Williamson goes on to explain that “after the first sin, Adam and all other people descending from him remainat libertyto do either good or evil,” but man’s abilityto do good, his free will, is now subject to his fallen condition, for Scripture makes it clear throughout that “there is none that doeth good, no not one” (Rom. 3:12). We will soon see the catechism’s definition of sin, “any want of conformity unto, or transgression of, the law of God.” Apart from this fine definition, sin may be termed in different ways as it manifests itself in the human condition. For example, Adam and Eve’s transgression could be seen as defiance in determining for themselves the definition of right and wrong; they fell prey to faulty reasoning, as they were tempted. Instead of relying on the wisdom and authority of their loving God, they opted to take a self-assertive, independent path, with its unintended and ruinous consequences.
As we will see, the catechism’s definition of sin is straightforward (Q14). Definitions like the one above can be somewhat rational in explaining what happened. Whether we try to rationalize, study to understand why, or simply state the fact as it is, our first parents did fall “from the [wondrous] estate wherein they were created by sinning against God.” The next several questions deal with the fallout of this event—the entrance and destructive effects of sin. But the story doesn’t end there. Question 20 finally pierces the darkness by asking, “Did God leave all mankind to perish in the estate of sin and misery?” The short answer is, “No, he did not!” Our hearts are filled with unspeakable joy and thanksgiving, for truly “weeping may endure for a night, but joy comes in the morning” (Ps. 30:5b).
Training Hearts and Teaching Minds Questions:
1.    God put man in a place of privilege. Made in the image of God, only man could worship and communicate with God; only man could reason, remember, plan, and decide. But with such a high privilege there also came responsibility. Read Deut. 10:12-13. What responsibility has God called his creation to perform?
2.    When Satan tempted our first parents, what tactic did he use? (Gen. 3:1-6) How did Jesus not succumb to the same tactic? See Matt. 4:4.
3.    When we sin, we may often sin against other persons. But ultimately, against whom are we really sinning? See Ps. 51:3-4.
4.    The first sin of Adam and Eve is called the Fall. Their actions had far reaching effects on all mankind. According to Psalm 14:1-4, how far did their actions reach in the effect of sin on our lives?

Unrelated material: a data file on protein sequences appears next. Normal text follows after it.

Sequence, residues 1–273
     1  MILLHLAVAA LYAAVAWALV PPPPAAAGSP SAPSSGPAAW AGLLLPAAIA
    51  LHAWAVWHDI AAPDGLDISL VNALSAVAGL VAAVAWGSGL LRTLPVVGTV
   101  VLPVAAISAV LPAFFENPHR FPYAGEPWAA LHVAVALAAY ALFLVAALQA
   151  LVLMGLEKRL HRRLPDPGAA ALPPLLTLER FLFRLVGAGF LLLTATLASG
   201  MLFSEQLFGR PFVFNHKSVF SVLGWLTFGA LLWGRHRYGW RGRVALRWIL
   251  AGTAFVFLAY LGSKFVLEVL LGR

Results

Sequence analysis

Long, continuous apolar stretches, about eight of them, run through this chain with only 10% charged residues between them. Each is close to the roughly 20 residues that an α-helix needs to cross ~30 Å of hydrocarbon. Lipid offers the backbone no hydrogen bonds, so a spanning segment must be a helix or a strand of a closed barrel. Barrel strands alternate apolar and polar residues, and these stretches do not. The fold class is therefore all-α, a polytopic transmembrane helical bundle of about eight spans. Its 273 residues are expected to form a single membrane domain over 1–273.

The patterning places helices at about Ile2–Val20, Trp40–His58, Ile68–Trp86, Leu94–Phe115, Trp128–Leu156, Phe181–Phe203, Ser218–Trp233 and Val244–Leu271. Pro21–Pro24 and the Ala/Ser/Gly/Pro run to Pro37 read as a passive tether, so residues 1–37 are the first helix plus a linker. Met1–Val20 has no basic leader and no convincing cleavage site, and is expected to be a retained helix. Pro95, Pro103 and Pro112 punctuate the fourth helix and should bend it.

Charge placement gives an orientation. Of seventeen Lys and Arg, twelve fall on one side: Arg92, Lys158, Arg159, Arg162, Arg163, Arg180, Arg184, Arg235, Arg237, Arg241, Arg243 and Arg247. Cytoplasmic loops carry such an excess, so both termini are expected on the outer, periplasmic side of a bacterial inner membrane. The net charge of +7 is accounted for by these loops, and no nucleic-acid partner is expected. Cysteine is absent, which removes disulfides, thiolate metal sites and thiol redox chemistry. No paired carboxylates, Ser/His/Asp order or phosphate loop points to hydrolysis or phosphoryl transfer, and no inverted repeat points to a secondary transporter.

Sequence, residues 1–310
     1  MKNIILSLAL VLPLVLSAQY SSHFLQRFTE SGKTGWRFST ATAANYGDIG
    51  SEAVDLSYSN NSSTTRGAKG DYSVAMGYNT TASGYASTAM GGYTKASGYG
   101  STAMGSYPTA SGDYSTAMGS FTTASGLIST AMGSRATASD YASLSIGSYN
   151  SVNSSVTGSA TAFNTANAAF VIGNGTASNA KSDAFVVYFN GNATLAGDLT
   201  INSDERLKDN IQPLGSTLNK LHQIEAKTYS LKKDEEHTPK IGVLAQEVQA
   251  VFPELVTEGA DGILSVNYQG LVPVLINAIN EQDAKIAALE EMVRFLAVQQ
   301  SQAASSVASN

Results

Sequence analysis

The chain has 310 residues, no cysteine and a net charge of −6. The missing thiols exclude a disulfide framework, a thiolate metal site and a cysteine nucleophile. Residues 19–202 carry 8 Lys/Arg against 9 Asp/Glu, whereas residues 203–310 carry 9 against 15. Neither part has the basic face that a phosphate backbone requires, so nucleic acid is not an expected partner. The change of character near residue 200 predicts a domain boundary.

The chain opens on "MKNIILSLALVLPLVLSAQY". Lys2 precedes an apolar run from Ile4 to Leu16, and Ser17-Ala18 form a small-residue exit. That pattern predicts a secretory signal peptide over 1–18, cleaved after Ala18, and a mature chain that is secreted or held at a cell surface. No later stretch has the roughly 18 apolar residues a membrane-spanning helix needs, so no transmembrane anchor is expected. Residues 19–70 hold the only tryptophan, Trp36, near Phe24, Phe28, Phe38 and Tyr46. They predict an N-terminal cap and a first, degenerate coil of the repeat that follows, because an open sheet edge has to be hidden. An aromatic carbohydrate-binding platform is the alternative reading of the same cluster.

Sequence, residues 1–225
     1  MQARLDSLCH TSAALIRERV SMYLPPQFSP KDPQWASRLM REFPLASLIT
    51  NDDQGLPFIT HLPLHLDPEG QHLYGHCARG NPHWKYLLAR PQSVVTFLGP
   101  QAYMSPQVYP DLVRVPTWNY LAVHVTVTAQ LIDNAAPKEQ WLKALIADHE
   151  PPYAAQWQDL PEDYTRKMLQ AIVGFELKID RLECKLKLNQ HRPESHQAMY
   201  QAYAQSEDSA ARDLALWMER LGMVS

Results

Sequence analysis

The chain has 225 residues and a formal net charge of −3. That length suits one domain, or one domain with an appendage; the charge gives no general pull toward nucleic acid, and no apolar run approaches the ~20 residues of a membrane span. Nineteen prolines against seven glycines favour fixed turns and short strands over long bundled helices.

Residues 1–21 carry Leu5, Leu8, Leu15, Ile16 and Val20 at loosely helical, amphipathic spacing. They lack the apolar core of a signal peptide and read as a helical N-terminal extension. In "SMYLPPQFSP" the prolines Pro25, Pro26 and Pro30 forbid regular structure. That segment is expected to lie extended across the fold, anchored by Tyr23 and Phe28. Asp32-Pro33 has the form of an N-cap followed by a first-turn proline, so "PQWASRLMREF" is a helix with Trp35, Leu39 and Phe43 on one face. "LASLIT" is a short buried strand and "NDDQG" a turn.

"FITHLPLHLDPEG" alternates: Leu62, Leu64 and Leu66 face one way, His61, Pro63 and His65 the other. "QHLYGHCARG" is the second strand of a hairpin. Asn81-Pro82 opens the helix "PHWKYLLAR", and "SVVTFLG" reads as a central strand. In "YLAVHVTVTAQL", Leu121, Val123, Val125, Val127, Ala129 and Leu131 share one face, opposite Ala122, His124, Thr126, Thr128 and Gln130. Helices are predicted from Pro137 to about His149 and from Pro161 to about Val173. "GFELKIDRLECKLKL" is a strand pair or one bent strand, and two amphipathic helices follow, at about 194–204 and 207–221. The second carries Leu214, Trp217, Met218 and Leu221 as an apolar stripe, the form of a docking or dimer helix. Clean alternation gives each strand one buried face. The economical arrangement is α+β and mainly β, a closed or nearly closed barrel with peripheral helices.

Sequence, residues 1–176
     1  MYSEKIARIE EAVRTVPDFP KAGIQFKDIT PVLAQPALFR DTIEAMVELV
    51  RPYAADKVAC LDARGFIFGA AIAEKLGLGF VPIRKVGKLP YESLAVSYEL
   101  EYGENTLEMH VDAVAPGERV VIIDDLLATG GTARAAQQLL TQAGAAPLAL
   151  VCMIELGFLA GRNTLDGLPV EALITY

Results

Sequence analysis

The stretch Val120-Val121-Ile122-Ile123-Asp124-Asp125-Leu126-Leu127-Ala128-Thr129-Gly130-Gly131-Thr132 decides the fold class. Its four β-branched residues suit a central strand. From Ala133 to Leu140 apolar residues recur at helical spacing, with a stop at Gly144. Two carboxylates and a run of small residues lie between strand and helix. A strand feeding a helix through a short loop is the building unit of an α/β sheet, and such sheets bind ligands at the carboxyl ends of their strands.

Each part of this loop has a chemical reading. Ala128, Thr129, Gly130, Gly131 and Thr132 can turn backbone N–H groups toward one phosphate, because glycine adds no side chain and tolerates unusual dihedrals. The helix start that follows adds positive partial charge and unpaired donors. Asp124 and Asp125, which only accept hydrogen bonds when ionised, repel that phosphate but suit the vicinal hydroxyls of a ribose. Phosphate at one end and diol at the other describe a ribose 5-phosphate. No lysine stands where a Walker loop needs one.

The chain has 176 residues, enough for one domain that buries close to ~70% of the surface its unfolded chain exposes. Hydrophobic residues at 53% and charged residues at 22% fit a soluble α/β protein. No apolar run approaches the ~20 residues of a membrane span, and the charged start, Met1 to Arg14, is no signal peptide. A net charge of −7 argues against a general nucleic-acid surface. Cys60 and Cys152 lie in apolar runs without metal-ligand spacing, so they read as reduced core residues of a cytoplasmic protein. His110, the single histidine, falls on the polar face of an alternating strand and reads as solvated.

5.    From Shorter Catechism Question 10, we learned that God created man in knowledge, righteousness, and holiness. What are the effects of the Fall on man’s condition relating to these things? Consider I Cor. 2:14; Is. 64:6; Rom. 1:21-23, 25.
6.    When created, man was given the high privilege and responsibility of ruling over the creatures, taking care of creation, and using his abilities wisely in service to God. What effect did the Fall have upon man and his calling? Read James 4:1-4.

Harmony of the Standards:WSC Q# 13; WLC Q# 21, and WCF VI.I 
WSC Q13. Did our first parents continue in the estate wherein they were created?
A.  Our first parents, being left to the freedom of their own will, fell from the estate wherein they were created, by sinning against God[a].
[a] Gen. 3:6-8, 13; II Cor. 11:3
WLC Q21. Did man continue in that estate wherein God at first created him?
A.  Our first parents being left to the freedom of their own will, through the temptation of Satan, transgressed the commandment of God, in eating the forbidden fruit, and thereby fell from the estate of innocency wherein they were created[a].
[a] Gen. 3:6-8, 13; Ecc. 7:29; II Cor. 11:3
THE WESTMINSTER CONFESSION OF FAITH
CHAPTER. VI.
Of the Fall of Man, of Sin, and of the
Punishment thereof.
I.    Our first parents, being seduced by the subtlety and temptation of Satan, sinned in eating the forbidden fruit[a].  This their sin God was pleased, according to his wise and holy counsel, to permit, having purposed to order it to his own glory[b].
[a] Gen. 3:13; II Cor. 11:3; Gen. 3:1-14
[b] Romans 5:19, 20, 21
Questions for further study:
We might perceive the Fall and the entrance of sin upon creation as a great tragedy, and indeed the deadly effects of the first transgression are undeniable and quite evident for all to behold. Yet our fathers present another side to the equation recorded is the Confession of Faith.  What might that be? (1)


1. Our God’s wise and holy counsel in the purposing of all to his glory.